Last fall, 14-year-old Avonte Oquendo walked away from his Queens, New York school and disappeared.  The severely autistic boy was missing for three months before his remains were found in the East River last week - miles from where he was last seen. 

Avonte's death has prompted a lot of questions about autism and the care autistic children are given in schools.  It's also prompted a move by federal lawmakers to provide GPS tracking devices to families of children with autism who voluntarily choose to use them.  

The Department of Justice already provides grant money for caregivers of patients with Alzheimer's disease to obtain GPS trackers for their loved ones in the event of an emergency.  The department will now open up that program, making the trackers available to children with autism or other conditions that make them likely to flee their caregivers.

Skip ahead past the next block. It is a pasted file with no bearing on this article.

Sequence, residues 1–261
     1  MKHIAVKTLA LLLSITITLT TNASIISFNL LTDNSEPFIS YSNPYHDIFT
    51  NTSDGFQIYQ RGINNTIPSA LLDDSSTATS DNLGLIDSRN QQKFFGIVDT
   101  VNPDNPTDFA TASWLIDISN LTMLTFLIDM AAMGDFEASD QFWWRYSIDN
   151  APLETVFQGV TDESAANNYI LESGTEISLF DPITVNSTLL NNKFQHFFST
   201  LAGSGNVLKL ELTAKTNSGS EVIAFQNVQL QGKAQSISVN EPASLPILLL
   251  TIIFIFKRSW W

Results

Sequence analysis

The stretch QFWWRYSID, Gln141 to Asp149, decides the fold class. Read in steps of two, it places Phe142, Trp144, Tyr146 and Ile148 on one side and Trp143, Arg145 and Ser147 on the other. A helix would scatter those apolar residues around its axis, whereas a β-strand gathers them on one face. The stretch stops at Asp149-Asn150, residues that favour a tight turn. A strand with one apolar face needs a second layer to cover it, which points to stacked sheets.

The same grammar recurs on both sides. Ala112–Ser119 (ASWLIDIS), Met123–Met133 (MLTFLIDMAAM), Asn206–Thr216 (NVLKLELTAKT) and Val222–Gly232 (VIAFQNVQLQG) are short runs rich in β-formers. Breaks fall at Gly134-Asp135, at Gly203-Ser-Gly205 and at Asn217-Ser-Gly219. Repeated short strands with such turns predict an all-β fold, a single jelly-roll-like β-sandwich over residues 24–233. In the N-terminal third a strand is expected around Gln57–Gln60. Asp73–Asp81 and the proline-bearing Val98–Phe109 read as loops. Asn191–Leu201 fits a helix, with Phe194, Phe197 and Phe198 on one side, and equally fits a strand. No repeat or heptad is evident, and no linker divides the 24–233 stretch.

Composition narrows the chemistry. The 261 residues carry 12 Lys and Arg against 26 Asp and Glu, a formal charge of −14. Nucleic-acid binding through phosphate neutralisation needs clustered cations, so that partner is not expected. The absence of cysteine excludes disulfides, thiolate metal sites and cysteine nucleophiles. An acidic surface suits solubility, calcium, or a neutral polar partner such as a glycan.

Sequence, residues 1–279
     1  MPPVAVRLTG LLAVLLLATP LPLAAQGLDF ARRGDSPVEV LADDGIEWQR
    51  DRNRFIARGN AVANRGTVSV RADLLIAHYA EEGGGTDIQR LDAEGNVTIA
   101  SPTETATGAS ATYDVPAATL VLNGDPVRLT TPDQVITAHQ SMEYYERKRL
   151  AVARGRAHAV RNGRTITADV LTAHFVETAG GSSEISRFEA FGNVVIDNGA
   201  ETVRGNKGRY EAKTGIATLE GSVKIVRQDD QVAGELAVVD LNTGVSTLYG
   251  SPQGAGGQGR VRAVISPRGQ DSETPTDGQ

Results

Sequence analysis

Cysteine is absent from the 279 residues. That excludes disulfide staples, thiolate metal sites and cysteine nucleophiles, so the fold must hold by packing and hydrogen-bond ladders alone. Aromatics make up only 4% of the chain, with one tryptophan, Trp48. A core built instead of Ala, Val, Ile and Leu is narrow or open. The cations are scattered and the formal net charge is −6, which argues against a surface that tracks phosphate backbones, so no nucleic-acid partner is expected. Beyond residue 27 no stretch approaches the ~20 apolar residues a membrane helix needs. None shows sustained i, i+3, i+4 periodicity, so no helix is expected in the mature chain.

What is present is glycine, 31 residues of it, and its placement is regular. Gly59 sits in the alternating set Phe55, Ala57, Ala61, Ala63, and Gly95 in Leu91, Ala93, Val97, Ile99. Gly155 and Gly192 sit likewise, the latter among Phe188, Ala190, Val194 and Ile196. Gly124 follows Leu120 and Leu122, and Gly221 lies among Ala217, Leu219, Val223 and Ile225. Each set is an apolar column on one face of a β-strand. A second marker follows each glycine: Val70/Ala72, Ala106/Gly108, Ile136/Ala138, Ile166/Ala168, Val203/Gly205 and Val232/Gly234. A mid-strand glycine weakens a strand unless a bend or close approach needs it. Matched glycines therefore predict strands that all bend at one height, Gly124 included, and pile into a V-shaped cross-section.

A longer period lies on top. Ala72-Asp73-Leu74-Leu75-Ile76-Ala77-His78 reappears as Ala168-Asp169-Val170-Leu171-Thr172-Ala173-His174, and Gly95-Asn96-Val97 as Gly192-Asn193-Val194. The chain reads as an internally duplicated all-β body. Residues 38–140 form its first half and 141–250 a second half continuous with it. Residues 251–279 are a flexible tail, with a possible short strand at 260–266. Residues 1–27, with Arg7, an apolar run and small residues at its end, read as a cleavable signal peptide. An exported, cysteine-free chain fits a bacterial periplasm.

The program would be used on a voluntary basis only and would be monitored by local law enforcement agencies.  

Related posts on MNN:

Feds to finance GPS tracking for kids with autism
The death of a severely autistic boy in New York prompts federal lawmakers to push for voluntary trackers for autistic kids.